FIG. 6: Solubility of water in I-butanol solutions of tridecyl alcohol-ethylene oxide condensates vs. Na2S04 concentrations of the water phase.

1-butanol containing 10 mM. of 3-EtOtridecyl alcohol and 15-EtO-trideeylalcohol per liter. See Fig. 6. DISCUSSION

Water transport through an oil membrane. Since water migration is a faster process than salt diffusion, it is assumed at the beginning of a typical experiment (e.g., NaC1 solution/i-butanol/water cell) that: a. No salt diffused through the membrahe. b. The initial volume changes of the aqueous compartments do not affect the salt concentrations. c. The amount of water in oil at the interfaces depends upon the solubility of water in oil, which in turn is a function of the salt concentration of the aqueous phase (see Fig. 3). d. The system is in a steady state. According to the diffusion theory (3) the rate of flow of water through a nonaqueous liquid membrane can be expressed by: AND Jb (W1 -- W2) [1] Here J is the mass of water (in grams) that has migrated per unit time (in see-

onds), A is the cross-sectional area of the diffusion tube, b is the length of the equivalent diffusion path (in centimeters), D is the diffusion coefficient of the water in oil (in cm2/sec.), and Wi and W~ are the respective concentrations of water at the two oil-water interfaces. In this type of experiment the diffusion layers must be very thin owing to stirring. Sehulman and Teorell (4) estimated the thickness of water bound under a moving monolayer to be 30 ~. Moreover, the calculations of Peterson and Gregor (5) show that the thickness of the unstirred film at the surface of a solid ion-exchange membrane increases from 1 to 30 ~ as stirring is decreased. L. Mibashan-Sharaga (6), after studying the desorption of a laurie acid monolayer spread on a M/100 HC1 solution, estimated a quiet zone of 800 just under the film. With the M/15 Na2SO4/1-butanol/water cell (Fig. 5 experiment No. 1), 30 e,c. of water migrated after 50 hours• Equation [1] can be solved for b, the length of the diffusion p'ath. When A equals 26•4 em 2, D is of the order of 10-s cm.2/see. (its value in most liquid systems (7)), and wl - w2 is 4 )< 10.2 g. of HsO per cubic centimeter

78

ROSANO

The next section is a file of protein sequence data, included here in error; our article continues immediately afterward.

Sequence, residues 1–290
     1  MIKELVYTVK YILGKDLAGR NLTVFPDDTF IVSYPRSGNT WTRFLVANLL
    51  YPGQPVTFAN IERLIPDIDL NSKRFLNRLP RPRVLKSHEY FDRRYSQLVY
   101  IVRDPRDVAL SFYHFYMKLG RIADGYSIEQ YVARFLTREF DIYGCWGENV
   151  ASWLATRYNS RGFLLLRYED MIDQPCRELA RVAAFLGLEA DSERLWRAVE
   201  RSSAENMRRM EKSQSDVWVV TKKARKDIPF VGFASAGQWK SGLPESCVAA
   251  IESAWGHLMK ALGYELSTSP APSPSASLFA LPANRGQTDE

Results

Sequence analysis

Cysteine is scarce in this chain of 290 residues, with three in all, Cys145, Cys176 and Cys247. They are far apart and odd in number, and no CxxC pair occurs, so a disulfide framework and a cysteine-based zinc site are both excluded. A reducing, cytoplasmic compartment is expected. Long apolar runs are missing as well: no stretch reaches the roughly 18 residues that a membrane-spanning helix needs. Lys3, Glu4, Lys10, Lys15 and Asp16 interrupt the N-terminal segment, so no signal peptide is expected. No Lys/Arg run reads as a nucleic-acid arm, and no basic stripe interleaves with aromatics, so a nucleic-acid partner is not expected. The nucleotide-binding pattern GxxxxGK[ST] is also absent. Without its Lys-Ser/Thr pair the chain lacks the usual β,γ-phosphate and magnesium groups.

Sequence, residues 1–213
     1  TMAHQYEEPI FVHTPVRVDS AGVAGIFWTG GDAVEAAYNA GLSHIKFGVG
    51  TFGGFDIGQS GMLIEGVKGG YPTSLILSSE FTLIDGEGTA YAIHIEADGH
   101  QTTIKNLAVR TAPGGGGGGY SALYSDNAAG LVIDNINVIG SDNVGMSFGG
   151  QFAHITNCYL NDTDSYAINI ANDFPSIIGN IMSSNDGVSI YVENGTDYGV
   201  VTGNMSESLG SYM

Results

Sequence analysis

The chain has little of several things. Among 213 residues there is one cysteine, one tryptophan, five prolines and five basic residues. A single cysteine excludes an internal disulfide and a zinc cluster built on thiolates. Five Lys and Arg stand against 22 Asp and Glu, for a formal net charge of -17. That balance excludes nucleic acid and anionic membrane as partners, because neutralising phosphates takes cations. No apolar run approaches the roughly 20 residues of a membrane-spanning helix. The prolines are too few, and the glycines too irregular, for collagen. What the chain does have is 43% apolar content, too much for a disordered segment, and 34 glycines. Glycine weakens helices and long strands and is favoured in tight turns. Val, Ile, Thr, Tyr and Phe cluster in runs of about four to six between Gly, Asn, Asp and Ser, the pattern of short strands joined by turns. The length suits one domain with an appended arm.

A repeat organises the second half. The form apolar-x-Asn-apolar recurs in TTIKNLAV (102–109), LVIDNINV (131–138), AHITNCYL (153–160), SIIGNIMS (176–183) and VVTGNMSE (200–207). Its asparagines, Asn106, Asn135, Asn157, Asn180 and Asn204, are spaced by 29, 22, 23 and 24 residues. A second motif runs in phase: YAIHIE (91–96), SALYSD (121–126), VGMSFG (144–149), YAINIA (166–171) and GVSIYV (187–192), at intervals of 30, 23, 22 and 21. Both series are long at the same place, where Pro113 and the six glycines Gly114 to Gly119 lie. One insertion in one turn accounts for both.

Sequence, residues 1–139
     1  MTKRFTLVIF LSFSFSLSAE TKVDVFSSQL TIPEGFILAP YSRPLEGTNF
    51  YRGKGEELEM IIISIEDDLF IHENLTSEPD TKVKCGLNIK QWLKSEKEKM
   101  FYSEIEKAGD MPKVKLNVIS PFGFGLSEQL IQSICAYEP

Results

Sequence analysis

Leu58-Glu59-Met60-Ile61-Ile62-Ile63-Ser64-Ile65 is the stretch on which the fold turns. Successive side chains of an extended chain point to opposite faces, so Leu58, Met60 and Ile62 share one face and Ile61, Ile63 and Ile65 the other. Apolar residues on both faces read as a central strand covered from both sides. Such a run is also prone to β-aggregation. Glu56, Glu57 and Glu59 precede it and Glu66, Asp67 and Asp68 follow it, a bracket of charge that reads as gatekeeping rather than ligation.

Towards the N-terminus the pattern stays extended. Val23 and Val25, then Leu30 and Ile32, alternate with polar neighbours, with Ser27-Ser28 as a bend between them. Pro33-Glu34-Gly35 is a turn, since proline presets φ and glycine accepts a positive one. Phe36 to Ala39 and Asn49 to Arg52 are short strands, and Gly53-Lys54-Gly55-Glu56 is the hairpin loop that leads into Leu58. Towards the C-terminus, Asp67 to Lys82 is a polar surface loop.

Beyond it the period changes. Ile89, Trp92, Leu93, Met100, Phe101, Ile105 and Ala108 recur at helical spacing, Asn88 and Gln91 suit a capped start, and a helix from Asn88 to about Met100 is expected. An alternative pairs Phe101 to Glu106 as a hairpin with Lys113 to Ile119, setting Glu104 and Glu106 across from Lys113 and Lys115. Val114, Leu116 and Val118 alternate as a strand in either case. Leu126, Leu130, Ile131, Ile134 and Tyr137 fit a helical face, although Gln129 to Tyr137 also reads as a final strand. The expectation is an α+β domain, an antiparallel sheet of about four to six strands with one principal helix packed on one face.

of 1-butanol (see Fig. 3). The calculated value of b is 636 #. Since there are two interfaces, the thickness of one equivalent diffusion layer at the 1-butanol-water interface is of the order of 300 t~. If the oil layer is not stirred, no noticeable change in level occurs after several days. In this case, the "thickness" of the membrane of our cell would be of the order of V/A ~ 10 cm. (V = volume of the nonaqueous layer). The slopes at the origin of these water migration vs. time curves (Fig. 2) appear to depend on the initial molar eoncentrations of the salt, but the extent of the curvature depends on the salt diffusion. Previous work (1) has shown that K2S04 diffuses at a much slower rate than KC1 through l-butanol, and that it is much less soluble than KC1 in l-butanol. Water migration into the "salt" compartment helps to "dilute" the salt solution and "concentrate" the solution in the "water" compartment. Salt diffusion also tends to "concentrate" the solution in the "water" compartment and "dilute" the solution in the "salt" compartment. Water transport ceases when the solutions in the two compartments have reached equal salt concentrations. For a salt completely insoluble in oil, all the water in the compartment containing water saturated with the alcohol will migrate to the compartment containing the aqueous salt solution. It follows, therefore, that K2S04 causes water to migrate over a longer period of time than KC1 does (Fig. 2). However, Figure 4 shows that an appreciable amount of water is transported when T-(EtO)a is used as an additive to the 1-butanol oil membrane (Expt. 2). Therefore, the water transport in this system cannot be interpreted as resulting from the difference in water concentrations at the interfaces. If it is assumed that the two oil interfaces are saturated, Fig. 6 appears to indicate that the water concentrations at the two interfaces are nearly equal. The experiment with an oil phase consisting of i0 millimoles of T-(EtO)15 per liter in l-butanol saturated with water corresponds to experiment 3 in Fig. 5 and shows that water is transported from the